Leaning over the small table where the lamp sat, he stared at the flame, feeling the heat play upon his face. Of a sudden, something moved there, something black and shadowy. A fragment of his dream flashed through his mind again. He snatched at it, but it was already gone.

He backed away from the lamp, one aged hand clutched over his heart. The flame offered no solace now. It seemed dirty somehow, as foul as the darkness of his bedroom. Snatching a thin night robe, Kathenor left his quarters. He eased open the door to the outer hallway, then padded down the empty corridors as quietly as his bare feet could carry him.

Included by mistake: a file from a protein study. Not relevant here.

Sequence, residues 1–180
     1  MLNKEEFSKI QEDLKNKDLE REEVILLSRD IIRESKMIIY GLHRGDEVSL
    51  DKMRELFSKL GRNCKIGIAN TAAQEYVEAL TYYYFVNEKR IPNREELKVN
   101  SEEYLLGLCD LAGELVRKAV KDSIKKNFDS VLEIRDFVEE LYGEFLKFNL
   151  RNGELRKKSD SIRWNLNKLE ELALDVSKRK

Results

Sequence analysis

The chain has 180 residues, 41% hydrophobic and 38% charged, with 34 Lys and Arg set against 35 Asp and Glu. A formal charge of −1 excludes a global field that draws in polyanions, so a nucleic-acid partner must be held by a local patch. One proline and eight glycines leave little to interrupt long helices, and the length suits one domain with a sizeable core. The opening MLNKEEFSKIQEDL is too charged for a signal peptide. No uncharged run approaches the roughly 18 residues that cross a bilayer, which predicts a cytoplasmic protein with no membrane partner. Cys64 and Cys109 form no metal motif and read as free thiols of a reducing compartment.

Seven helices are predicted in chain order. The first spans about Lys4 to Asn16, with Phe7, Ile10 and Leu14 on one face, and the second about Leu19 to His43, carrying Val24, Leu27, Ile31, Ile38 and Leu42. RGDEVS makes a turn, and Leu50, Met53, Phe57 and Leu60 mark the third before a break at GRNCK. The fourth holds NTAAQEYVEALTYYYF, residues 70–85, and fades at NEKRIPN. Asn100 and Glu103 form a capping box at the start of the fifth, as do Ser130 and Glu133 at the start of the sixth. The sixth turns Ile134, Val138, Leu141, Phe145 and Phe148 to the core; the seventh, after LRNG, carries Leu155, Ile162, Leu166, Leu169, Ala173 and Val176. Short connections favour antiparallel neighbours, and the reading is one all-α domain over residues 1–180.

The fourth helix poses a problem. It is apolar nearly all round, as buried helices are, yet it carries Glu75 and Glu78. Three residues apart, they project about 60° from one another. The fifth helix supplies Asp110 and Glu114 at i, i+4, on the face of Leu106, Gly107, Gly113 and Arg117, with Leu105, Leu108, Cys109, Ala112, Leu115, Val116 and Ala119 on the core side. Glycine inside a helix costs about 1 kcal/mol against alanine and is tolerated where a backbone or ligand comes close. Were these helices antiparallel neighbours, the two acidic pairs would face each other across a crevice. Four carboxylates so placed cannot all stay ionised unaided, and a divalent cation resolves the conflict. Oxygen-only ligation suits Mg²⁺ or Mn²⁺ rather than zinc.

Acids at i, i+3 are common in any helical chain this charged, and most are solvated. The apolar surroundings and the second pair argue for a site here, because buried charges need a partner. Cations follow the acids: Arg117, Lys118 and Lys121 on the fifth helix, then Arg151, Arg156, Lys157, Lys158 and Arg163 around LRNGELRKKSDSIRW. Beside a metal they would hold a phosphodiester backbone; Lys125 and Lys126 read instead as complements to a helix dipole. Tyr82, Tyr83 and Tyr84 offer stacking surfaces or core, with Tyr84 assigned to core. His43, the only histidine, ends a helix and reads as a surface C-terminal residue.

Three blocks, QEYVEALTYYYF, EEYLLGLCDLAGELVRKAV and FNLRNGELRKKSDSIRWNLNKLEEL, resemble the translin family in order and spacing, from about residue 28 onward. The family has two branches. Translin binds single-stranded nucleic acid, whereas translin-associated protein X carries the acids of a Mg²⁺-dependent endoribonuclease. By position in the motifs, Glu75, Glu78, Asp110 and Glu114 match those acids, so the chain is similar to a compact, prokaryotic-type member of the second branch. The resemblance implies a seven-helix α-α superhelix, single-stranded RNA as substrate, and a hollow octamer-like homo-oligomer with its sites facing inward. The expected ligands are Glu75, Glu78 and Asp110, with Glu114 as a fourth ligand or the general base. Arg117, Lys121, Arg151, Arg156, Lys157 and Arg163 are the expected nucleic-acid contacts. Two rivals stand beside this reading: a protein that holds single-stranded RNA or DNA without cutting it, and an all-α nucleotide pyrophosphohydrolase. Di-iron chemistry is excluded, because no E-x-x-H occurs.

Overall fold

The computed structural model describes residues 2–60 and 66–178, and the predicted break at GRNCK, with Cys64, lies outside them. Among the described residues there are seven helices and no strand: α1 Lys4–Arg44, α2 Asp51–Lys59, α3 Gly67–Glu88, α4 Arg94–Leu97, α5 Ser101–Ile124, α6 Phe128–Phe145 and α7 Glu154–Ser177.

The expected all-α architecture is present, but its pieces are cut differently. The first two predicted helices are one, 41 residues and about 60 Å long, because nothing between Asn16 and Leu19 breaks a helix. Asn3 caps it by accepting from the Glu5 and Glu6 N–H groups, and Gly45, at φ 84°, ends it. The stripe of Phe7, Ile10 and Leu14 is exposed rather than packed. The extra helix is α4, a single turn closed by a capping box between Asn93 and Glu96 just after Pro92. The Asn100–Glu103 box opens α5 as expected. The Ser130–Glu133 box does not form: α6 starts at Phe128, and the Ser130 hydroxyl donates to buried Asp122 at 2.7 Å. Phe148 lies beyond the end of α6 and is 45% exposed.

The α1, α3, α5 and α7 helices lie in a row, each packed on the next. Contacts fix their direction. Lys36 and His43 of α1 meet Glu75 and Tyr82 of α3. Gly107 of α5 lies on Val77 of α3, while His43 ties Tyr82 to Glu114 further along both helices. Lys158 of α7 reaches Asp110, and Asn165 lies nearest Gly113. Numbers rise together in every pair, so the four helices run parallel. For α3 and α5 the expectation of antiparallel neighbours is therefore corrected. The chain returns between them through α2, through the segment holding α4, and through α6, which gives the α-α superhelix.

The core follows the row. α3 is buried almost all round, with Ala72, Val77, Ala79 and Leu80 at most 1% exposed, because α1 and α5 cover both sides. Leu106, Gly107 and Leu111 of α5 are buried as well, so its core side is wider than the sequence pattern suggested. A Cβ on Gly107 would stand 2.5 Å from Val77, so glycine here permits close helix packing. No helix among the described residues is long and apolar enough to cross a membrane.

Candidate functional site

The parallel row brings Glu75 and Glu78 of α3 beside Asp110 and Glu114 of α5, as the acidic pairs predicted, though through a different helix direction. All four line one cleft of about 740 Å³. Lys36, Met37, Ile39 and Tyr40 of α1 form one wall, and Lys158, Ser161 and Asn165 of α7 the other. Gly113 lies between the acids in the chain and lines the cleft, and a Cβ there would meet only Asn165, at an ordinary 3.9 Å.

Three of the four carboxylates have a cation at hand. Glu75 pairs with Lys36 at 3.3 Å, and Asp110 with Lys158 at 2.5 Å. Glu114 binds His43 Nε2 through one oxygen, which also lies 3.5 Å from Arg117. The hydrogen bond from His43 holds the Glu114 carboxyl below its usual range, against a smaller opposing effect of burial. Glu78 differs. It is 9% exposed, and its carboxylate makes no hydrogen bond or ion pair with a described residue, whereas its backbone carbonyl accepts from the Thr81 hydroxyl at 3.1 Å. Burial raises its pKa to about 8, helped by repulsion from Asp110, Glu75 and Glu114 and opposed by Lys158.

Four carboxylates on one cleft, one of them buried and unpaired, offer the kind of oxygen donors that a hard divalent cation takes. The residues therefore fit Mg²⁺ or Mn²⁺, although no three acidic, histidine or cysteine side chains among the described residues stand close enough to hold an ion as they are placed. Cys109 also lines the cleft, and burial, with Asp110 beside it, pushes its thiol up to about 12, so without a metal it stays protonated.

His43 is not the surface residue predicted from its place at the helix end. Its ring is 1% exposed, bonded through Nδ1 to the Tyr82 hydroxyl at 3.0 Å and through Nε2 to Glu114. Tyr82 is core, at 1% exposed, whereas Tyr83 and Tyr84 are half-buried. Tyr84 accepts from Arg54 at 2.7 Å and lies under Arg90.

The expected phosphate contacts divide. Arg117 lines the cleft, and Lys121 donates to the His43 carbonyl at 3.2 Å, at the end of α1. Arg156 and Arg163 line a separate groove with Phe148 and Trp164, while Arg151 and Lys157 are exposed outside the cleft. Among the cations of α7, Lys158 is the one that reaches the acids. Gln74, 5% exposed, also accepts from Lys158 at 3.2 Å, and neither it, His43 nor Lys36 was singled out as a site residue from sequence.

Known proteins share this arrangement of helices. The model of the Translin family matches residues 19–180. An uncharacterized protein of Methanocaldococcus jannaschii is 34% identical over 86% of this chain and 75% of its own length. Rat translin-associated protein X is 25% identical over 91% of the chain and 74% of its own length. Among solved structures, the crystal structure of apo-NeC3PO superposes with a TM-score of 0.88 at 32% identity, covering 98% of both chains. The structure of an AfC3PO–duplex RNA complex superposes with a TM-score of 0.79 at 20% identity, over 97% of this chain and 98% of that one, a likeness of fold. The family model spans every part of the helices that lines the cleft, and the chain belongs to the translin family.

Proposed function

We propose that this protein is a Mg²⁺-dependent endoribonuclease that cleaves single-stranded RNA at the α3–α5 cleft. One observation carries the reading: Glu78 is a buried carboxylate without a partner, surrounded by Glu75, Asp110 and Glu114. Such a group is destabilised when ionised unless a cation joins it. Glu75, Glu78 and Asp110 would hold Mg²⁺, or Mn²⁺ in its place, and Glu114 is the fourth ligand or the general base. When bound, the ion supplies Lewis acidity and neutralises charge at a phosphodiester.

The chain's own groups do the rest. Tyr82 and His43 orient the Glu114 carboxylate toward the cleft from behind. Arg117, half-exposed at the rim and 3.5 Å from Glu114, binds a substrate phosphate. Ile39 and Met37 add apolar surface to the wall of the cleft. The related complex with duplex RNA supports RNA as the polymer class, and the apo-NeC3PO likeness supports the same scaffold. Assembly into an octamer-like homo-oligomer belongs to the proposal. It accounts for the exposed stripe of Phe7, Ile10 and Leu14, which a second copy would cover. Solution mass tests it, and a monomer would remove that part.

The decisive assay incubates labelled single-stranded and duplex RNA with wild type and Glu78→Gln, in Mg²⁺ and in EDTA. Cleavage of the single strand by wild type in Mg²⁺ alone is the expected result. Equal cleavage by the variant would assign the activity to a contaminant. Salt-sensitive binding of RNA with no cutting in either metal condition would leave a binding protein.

An unnatural silence filled the Temple of Boccob. What time of night was it? Acton Kathenor wondered. Surely there should be an acolyte or two awake, even if it was a very late hour, indeed. He encountered no one else, though, as he hurried through the temple’s labyrinthine passages.

Acton Kathenor forced himself to be calm. Why should a dream so upset him, especially a dream he could not remember? Because that, in itself, was an oddity, his inner voice answered. He always remembered his dreams. They were a source of great creative power for him. The smallest details he always remembered. He had trained himself to remember.

A wind blew through a temple crenellation suddenly and wrapped itself about Kathenor. It fluttered his sleeves and crept up under his robe. It followed him through a passage and up a narrow, winding stairway, which was unlit by cresset or torch. It teased the nape of his neck and rumpled the few hairs he had left on his head.